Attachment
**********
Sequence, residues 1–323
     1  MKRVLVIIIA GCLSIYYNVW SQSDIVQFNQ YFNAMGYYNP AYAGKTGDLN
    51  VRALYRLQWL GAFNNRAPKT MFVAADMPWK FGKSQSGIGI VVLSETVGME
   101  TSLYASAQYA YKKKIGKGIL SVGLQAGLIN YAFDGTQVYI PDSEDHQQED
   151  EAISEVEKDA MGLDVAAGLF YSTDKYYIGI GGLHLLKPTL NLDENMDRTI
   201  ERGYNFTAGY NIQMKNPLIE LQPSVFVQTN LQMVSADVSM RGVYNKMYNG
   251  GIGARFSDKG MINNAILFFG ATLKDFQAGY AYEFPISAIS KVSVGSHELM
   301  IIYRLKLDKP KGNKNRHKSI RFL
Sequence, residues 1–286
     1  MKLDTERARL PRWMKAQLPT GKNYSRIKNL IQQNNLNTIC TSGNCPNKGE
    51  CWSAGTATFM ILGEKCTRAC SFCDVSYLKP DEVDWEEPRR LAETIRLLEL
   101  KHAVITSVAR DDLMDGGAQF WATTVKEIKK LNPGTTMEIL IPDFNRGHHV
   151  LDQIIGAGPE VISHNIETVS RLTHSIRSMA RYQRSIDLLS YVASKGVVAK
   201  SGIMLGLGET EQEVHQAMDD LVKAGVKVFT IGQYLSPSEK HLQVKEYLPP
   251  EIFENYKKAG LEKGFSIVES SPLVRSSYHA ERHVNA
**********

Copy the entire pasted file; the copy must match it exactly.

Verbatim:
Sequence, residues 1–323
     1  MKRVLVIIIA GCLSIYYNVW SQSDIVQFNQ YFNAMGYYNP AYAGKTGDLN
    51  VRALYRLQWL GAFNNRAPKT MFVAADMPWK FGKSQSGIGI VVLSETVGME
   101  TSLYASAQYA YKKKIGKGIL SVGLQAGLIN YAFDGTQVYI PDSEDHQQED
   151  EAISEVEKDA MGLDVAAGLF YSTDKYYIGI GGLHLLKPTL NLDENMDRTI
   201  ERGYNFTAGY NIQMKNPLIE LQPSVFVQTN LQMVSADVSM RGVYNKMYNG
   251  GIGARFSDKG MINNAILFFG ATLKDFQAGY AYEFPISAIS KVSVGSHELM
   301  IIYRLKLDKP KGNKNRHKSI RFL
Sequence, residues 1–286
     1  MKLDTERARL PRWMKAQLPT GKNYSRIKNL IQQNNLNTIC TSGNCPNKGE
    51  CWSAGTATFM ILGEKCTRAC SFCDVSYLKP DEVDWEEPRR LAETIRLLEL
   101  KHAVITSVAR DDLMDGGAQF WATTVKEIKK LNPGTTMEIL IPDFNRGHHV
   151  LDQIIGAGPE VISHNIETVS RLTHSIRSMA RYQRSIDLLS YVASKGVVAK
   201  SGIMLGLGET EQEVHQAMDD LVKAGVKVFT IGQYLSPSEK HLQVKEYLPP
   251  EIFENYKKAG LEKGFSIVES SPLVRSSYHA ERHVNA